Equal Consecutive Prime Number Gaps are Multiples of Six

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If you list the gaps between consecutive primes greater than $5$:

$2, 4, 2, 4, 2, 4, 6, 2, 6, 4, 2, 4, \ldots$

you will notice that consecutive gaps that are equal are of the form $6 x$.

This is always the case.

This sequence is A001223 in the On-Line Encyclopedia of Integer Sequences (N. J. A. Sloane (Ed.), 2008).


Suppose there were two consecutive gaps between $3$ consecutive prime numbers that were equal, but not divisible by $6$.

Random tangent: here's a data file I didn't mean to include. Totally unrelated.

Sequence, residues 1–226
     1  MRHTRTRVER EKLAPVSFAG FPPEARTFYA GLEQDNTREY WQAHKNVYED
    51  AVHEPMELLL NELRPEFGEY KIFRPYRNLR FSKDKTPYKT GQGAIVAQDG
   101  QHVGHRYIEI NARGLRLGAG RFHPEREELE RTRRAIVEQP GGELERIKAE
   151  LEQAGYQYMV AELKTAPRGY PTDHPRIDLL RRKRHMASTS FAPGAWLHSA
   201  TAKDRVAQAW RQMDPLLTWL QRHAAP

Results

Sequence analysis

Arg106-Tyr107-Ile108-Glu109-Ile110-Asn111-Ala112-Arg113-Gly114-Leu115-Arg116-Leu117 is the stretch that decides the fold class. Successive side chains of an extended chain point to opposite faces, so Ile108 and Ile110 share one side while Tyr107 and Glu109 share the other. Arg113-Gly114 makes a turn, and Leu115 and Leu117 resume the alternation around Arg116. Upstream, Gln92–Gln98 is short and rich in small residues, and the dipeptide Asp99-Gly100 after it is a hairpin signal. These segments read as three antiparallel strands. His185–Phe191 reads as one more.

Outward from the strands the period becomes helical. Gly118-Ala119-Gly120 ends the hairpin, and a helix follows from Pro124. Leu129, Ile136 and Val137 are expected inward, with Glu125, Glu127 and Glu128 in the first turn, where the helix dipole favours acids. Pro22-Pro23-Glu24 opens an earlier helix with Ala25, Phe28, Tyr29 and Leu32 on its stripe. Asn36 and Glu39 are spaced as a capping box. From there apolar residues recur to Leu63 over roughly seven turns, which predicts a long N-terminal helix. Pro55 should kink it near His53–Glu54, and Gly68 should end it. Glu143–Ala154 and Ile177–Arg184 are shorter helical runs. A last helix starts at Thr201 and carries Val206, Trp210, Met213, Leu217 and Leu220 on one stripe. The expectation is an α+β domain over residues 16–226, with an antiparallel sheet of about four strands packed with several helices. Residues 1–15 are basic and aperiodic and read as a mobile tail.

Then the difference is $2 k$ where $k$ is not divisible by $3$.

Therefore the (supposed) prime numbers will be:

$p, p + 2 k, p + 4 k$

But then $p + 4 k$ is congruent modulo $3$ to $p + k$.

That makes the three numbers congruent modulo $3$ to $p, p + k, p + 2k$.

One of those is divisible by $3$ and so cannot be prime.

So two consecutive gaps must be divisible by $3$ and therefore (as they have to be even) by $6$.